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The Dadaist

Marcel Janco, co-inventor with Tristan Tzara of Dadaism in Switzerland, and a leading exponent of Constructivism in Eastern Europe, died in Israel at 89 on this date in 1984. Born in Romania, he lived in Switzerland after World War I, then returned to his native country and became one of its leading intellectuals and artists. […]

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March 8: A Leap Into Darkness

Leo Bretholz, who escaped death at the hands of the Nazis numerous times, including from a train en route to Auschwitz, died at 93 on this date in 2014. A resident of Vienna, Bretholz fled from Austria after the Anschluss and swam across the Sauer River from Germany to Luxembourg. Arrested two days later, he […]

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December 14: A Rabbi of the Resistance

David Feuerwerker, a rabbi who helped liberate Lyons from fascist rule and then reestablished the Jewish community in that city after World War II, was awarded the Gold Medal of the City of Paris on this date in 1957. Feuerwerker was “an eminent scholar and spiritual leader of French-speaking Jews in North America,” said the […]

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September 28: Mother’s Little Helper

Leo Henryk Sternbach, a Croatian-born chemist who was the primary inventor of Valium, the most-prescribed drug in America between 1969 and 1982, and the entire class of benzodiazepine-based anti-anxiety drugs (Librium, Klonopin, etc.), died at 97 on this date in 2005. Sternbach escaped the deadly shadow of Nazism in 1941 when his employer, Hoffmann-La Roche, […]

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September 21: Ministre de la Culture

Françoise Giroud (Lea France Gourdji), a writer, screenwriter, journalist, and political activist who co-founded the French news magazine L’Express in 1953 and edited it until 1971, was born to Sephardic Turkish parents in Lausanne, Switzerland on this date in 1916. Giroud also edited Elle magazine from 1946 to 1953 and wrote some thirty books, fiction […]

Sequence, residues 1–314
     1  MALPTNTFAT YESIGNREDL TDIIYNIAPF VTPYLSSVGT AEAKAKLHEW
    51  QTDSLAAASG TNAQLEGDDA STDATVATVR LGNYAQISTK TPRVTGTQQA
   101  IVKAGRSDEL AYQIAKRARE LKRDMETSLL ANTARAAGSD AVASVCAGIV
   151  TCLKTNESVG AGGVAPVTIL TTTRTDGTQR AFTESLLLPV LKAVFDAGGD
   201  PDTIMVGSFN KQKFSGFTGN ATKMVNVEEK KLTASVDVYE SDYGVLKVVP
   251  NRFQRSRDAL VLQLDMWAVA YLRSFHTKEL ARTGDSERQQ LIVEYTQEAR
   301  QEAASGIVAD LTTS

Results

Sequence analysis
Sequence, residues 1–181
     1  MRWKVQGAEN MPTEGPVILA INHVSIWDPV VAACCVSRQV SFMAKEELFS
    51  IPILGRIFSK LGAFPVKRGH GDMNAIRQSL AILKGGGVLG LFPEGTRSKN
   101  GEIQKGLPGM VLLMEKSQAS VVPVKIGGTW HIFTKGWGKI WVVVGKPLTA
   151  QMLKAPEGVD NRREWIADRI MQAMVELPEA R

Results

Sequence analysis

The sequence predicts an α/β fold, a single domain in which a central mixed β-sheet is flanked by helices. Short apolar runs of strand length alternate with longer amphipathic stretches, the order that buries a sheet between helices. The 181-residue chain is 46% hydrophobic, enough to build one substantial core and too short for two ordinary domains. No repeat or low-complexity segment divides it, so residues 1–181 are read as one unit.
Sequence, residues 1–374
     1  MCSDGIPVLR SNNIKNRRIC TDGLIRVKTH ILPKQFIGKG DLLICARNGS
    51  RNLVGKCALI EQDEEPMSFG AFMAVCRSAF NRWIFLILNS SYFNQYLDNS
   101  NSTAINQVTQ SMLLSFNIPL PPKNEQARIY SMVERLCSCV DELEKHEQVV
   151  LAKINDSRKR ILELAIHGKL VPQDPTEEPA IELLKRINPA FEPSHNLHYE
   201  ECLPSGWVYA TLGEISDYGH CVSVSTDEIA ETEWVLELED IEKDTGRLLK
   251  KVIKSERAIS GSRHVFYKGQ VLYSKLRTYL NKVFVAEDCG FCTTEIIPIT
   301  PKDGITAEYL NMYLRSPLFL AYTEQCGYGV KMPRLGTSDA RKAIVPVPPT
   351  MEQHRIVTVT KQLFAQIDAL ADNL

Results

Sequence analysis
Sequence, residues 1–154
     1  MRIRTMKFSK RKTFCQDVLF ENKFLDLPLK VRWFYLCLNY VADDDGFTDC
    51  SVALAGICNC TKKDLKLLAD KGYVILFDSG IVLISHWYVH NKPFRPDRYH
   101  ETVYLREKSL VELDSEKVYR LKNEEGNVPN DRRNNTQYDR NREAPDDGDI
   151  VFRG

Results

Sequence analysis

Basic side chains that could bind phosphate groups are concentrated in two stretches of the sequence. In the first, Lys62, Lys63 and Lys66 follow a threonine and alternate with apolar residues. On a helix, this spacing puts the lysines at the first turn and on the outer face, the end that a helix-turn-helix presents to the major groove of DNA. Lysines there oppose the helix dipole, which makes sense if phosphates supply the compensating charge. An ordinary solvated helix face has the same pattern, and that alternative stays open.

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July 9: Assassinating a Nazi

David Frankfurter, a Croatian Jew who in 1936 assassinated Wilhelm Gustloff, a leading Nazi in Switzerland, was born on this date in 1909. Frankfurter, the son of a rabbi, was studying medicine in Germany when the Nazis came to power. He continued his studies in Bern, Switzerland in 1934, where he witnessed growing Nazi sentiment […]

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March 30: Father of the Jews

Capuchin monk Father Marie-Benoît (Pierre Péteul), who provided transport for more than 4,000 Jews from Nazi-occupied France into Switzerland and Spain, was born in Bourg d’Iré, France on this date in 1895. Wounded in World War I, he took vows after the war and became a leading Christian expert on Judaism. Headquartered in a monastery […]

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January 22: Tullia Zevi and the Jews of Italy

Tullia Zevi, who was among the few women journalists to report on the Nuremberg war crimes trial in 1946 and served as president of the Union of Italian Jewish Communities from 1983 to 1998, died at 91 on this date in 2011. Born Tullia Calabi in Milan, she was in Switzerland with her family in […]

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October 27: A Swiss Rescuer

Paul Grueninger, a Swiss border police commander who falsified documents and facilitated the survival of more than 3,600 Jews fleeing the Anschluss, the Nazi invasion of Austria, was born on this date in 1891. Grueninger decided to disregard his official instructions: He allowed Jewish refugees to enter Switzerland and legalized their status by falsely stamping […]

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January 9: Jews and the Black Death

The entire Jewish population of Basel, Switzerland, six hundred or more — with the exception of a few children who were forcibly converted — were herded into a building on an island on the Rhine and burned to death on this date in 1349. Jews were held responsible for the Black Death — the plague […]

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